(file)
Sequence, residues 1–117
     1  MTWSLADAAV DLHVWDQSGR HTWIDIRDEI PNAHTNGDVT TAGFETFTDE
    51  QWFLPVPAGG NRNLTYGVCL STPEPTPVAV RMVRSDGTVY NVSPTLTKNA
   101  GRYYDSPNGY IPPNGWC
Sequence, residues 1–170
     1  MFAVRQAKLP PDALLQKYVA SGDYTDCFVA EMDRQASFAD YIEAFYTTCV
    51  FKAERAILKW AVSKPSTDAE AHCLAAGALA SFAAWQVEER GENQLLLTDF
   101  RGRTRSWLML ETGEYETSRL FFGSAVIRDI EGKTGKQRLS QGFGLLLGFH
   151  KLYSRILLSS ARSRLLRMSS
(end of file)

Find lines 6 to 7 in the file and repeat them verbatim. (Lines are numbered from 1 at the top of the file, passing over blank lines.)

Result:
     1  MFAVRQAKLP PDALLQKYVA SGDYTDCFVA EMDRQASFAD YIEAFYTTCV
    51  FKAERAILKW AVSKPSTDAE AHCLAAGALA SFAAWQVEER GENQLLLTDF